Got more horse poop today. At maybe 50 pounds or more a day for months, it occurs to me I must have brought in something like two tons of horse poop into the backyard pile. Wow! I gave the neighbor's horses a few apples from the trees today ... but I may have had ulterior motives!

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Re: PNW: Winter 2014

Post  Marc Iverson on 11/15/2013, 7:39 pm

I'm taking my row cover off for a couple days. Hope it doesn't wind up being a mistake. The cover sits right on my peas, and is starting to rot too many leaves.

It has brought a snail-ravaged brussels sprout plant back to life. Only a half inch of stem was left, and I had just crossed my fingers, but figured it must be dead. Tiny little leaf is sprouting today from the stem's side.

Mixed in some rain-soaked cardboard and just a bit more leaves to my compost pile, which is happily steaming away. (Also another huge tub of horse poop.) Man, cardboard takes forever to tear into small pieces. But, I've gotta keep up with the browns if the pile isn't to get overwhelmingly green-heavy. I can already tell how useful the leaves I've been putting in are. The pile is steaming much more, but also isn't sinking so rapidly. More nutrients and mass are being retained. I'm getting much more actual compost for my effort.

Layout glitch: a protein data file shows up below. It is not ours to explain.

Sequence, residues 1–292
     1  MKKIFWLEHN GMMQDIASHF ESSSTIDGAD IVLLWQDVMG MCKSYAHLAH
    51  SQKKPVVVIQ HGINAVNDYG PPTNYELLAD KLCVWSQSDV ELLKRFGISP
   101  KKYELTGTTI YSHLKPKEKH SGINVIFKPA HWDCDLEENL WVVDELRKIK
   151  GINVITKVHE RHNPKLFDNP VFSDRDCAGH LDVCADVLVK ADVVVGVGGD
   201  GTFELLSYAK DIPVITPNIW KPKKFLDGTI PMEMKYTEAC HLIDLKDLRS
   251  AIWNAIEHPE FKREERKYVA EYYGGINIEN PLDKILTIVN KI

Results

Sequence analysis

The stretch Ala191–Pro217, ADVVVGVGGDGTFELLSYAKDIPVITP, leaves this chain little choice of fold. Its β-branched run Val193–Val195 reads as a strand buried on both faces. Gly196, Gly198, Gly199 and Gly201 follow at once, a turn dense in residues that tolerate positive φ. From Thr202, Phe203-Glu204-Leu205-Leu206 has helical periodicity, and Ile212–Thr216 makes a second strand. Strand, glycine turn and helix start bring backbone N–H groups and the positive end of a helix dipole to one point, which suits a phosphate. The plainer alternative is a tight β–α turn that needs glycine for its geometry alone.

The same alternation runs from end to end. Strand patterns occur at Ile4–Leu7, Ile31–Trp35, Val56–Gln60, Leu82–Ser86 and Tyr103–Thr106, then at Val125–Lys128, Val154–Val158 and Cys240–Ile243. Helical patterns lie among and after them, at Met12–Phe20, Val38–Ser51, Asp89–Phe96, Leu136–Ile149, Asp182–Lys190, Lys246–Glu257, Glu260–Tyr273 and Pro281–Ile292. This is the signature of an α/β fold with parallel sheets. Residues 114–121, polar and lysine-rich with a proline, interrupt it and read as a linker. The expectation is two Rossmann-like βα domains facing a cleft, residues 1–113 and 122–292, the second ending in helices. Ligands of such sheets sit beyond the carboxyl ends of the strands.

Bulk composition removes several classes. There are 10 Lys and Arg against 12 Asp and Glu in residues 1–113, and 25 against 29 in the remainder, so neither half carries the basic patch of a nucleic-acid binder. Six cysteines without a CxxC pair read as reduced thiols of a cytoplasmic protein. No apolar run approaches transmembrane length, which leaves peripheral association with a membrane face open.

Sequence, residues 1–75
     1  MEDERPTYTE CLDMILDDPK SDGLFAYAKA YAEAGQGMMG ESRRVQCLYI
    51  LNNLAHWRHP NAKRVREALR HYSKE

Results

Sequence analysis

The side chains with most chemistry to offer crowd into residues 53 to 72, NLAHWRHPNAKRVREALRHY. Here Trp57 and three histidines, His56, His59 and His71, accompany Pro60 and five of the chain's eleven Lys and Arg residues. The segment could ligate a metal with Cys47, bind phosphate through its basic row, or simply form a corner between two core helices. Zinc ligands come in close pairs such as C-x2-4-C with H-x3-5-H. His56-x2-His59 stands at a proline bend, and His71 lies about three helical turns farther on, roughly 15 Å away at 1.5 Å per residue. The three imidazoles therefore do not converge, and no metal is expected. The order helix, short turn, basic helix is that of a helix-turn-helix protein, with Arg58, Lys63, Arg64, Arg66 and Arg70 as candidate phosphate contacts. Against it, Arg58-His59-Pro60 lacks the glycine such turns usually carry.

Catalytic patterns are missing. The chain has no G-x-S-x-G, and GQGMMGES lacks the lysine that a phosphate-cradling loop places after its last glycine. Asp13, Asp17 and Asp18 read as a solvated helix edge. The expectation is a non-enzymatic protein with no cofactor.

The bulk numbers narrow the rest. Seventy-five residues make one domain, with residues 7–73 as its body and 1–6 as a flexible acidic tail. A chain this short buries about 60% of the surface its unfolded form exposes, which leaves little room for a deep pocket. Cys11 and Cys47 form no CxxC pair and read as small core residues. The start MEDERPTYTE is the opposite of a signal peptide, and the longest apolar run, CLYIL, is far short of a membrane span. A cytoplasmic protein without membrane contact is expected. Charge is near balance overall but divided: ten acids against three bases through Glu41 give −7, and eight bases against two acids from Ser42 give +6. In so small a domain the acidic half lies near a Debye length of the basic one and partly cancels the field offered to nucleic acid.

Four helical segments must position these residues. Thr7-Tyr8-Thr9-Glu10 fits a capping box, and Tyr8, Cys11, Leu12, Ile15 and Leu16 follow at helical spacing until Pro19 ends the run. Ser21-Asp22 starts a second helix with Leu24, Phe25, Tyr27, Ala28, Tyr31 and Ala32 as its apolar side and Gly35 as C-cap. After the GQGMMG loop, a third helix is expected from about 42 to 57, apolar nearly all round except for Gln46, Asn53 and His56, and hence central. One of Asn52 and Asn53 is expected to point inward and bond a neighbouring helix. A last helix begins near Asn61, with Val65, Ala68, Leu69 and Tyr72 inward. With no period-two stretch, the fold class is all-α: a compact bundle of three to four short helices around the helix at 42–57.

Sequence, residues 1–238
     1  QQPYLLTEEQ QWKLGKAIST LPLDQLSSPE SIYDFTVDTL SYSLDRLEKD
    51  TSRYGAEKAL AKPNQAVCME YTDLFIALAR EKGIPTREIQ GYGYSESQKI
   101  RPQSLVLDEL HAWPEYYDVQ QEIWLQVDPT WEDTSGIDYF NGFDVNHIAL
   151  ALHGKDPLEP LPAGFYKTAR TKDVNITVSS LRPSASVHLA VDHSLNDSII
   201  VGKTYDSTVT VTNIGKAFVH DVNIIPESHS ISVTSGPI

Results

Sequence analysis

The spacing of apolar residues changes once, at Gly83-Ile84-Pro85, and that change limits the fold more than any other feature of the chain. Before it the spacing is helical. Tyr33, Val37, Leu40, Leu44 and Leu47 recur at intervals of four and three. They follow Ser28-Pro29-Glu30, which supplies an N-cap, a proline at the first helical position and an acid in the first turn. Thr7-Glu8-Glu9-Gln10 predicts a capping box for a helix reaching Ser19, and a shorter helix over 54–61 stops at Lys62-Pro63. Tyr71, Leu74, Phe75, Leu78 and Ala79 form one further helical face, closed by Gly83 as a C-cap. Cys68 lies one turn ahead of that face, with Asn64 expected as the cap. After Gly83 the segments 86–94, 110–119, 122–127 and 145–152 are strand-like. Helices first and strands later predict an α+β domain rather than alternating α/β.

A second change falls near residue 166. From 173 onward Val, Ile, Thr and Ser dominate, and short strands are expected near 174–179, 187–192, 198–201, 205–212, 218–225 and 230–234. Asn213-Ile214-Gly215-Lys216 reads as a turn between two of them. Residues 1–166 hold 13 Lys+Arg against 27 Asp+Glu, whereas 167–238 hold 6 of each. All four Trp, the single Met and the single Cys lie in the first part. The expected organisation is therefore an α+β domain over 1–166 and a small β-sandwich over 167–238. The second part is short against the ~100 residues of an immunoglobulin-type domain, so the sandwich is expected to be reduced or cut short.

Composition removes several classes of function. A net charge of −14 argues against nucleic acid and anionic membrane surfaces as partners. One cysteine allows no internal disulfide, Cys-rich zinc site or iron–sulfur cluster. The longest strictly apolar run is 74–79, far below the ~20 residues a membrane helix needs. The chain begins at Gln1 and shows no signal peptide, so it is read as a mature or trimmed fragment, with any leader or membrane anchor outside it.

Been thinking of adding some of the charred wood from our fireplace, if I can get small enough chunks.

Also, the mache is finally starting to come up! Tiny leaves, but they're all over. I probably overplanted significantly, because I thought the first ones didn't make it and replanted. Guess I'll just eat the thinnings. But that's not a bad thing.

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Re: PNW: Winter 2014

Post  donnainzone5 on 11/15/2013, 7:50 pm

Marc,

A small amount of wood ashes is beneficial in your compost pile/bin. As for the cardboard, try soaking it in water first, then tearing it in small pieces before adding it. Much easier!

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Re: PNW: Winter 2014

Post  Marc Iverson on 11/15/2013, 10:00 pm

Donna, I can get lots of ashes, but am thinking of charcoal rather than ashes. There have been really interesting posts and threads around here about charcoal holding nutrients and dramatically enriching soils, which sounds pretty ideal for our soils up here, which endure such heavy rains in spring that a lot of the nutrients get washed away. (Not to mention so much of it is composed of little else but decomposed granite anyway!)

Re soaking the cardboard, thank you for the suggestion. Someone else suggested that earlier, and I've found getting the cardboard thoroughly wet really does make a big difference.